Fantasy and reality interlaced in Lew Wasserman's biography
Many people never disclose the secrets of their success, even in the last days of their lives. It is a paradox but the principle and the method of success were almost the only things that Lew Wasserman made public during his life. Much can be said about the MCA Universal owner who died at the age of 89 at the beginning of June last year. He was one of the key figures in the American movie industry in the 1960-1990s. They say, people thrilled in front of him. It was also said that one telephone call from Wasserman to politicians, whom he could support during election campaigns, or to mafia bosses, of relations with whom he was suspected, could have a tremendous effect.
Fantasy and reality got mixed in Lew Wasserman's biography. Nobody will be able to refute his legend or to embellish it. Lew Wasserman is the only owner of the large company over the past 40 years who can be compared with the legendary studio founders such as Adolph Zukor, William Fox, Louis B. Mayer and the Warner Brothers. The problem is that he seemed to be the last Mohican; it is hard to imagine a media group that is headed by one man only. Lew Wasserman was not only a producer, an agent, the owner of the studio, a patron of TV company and the president of a recording studio. Since his early age when he sold sweets in a cinema and till his old age Lew Wasserman remained a futurist.
Founders of studios were mostly Jews from Eastern Europe. They stuck to the same line in the work: they assigned primary importance to interests of the audience. The thesis was put forward by Neal Gabler in his work "An Empire of Their Own : How the Jews Invented Hollywood". The author emphasized the utopian thinking and empiric approach of immigrants from Eastern Europe, the people who created Hollywood. As is said in the book, the principle of Lew Wasserman was even more perfect. It included not only knowledge about interests of the audience, but also a factory of talents, actors, scenario writers and directors. He started his career in Music Corp. of America (MCA) headed by Jules Stein, where he proved that he had perfect fair for understanding and upbringing of talents. Wasserman's wonderful flair allowed him to make talented actors work and to sell results of the work; this work brought Wasserman unbelievable success in the movie industry and in mass media.
Wasserman always kept abreast of the times to achieve success. When he became MCA president in 1946, he realized that the studio system was on the verge of disappearance. It was possible that the owners could lose authority and the actors could get it. Wasserman was the first to start negotiations on shares of actors in profits made by films where the actors performed. Wasserman was the first who attached great importance to catalogues; in 1958 he bought all films by Paramount issued after 1948. MCA paid $10 millions for the film collection. In several weeks, Lew Wasserman sold the right for demonstration of the films to different TV channels and earned $30 millions in the transaction.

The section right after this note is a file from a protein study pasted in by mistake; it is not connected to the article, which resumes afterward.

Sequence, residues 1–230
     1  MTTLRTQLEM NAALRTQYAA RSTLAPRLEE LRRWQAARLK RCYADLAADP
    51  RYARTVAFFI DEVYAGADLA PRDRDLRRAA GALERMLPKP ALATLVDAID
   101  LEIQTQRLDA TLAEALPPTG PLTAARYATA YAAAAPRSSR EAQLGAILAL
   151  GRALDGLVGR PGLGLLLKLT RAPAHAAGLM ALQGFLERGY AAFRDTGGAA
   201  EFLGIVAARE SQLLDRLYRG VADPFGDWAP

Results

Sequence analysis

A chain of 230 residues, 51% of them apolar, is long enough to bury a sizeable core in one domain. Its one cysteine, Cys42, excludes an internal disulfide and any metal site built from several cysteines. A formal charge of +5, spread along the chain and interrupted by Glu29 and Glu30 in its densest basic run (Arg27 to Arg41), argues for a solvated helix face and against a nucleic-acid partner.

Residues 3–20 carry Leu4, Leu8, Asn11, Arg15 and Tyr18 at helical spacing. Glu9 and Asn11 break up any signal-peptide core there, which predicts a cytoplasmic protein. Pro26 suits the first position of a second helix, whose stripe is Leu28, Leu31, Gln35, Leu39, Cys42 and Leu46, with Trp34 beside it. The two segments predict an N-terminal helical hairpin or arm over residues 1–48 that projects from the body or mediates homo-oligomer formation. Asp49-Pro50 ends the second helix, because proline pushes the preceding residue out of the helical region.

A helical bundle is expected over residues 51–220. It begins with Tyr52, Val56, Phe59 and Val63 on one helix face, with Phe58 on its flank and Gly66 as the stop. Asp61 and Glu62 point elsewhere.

In the 1910s, Adolph Zukor, the founder and owner of Paramount, performed the functions of producer and distributor of films. Following this logic, Lew Wasserman created a TV section inside Universal Pictures which was to diversify activity of the studio and to expand the market. He managed to combine cinema and television, then music and entertainment parks in the network of one global strategy of mass media compatibility that is still dominant in the sphere.
In that time talented agents often became more popular than movie stars; the Wasserman method proved faultless. Although Wasserman was omnipresent, he avoided publicity and never gave interviews. He brought up talents, met with actors, knew them better and only after that he offered work that they could do.
The system of employing stockholders and financiers at the actors' service never failed over the whole period of Wasserman's reign, even at the period when the latter invented the blockbaster. After Spielberg's Jaws, the name of blockbaster was given to any film that yielded great sums within several weeks of distribution. Such was the style of Lew Wasserman, the man who liked to wear black suits and large glasses. His style was to use the power in that extent that he determined for himself, and it based on the idea that movie must always be in the focus of a media-group's activity.
Le Monde, France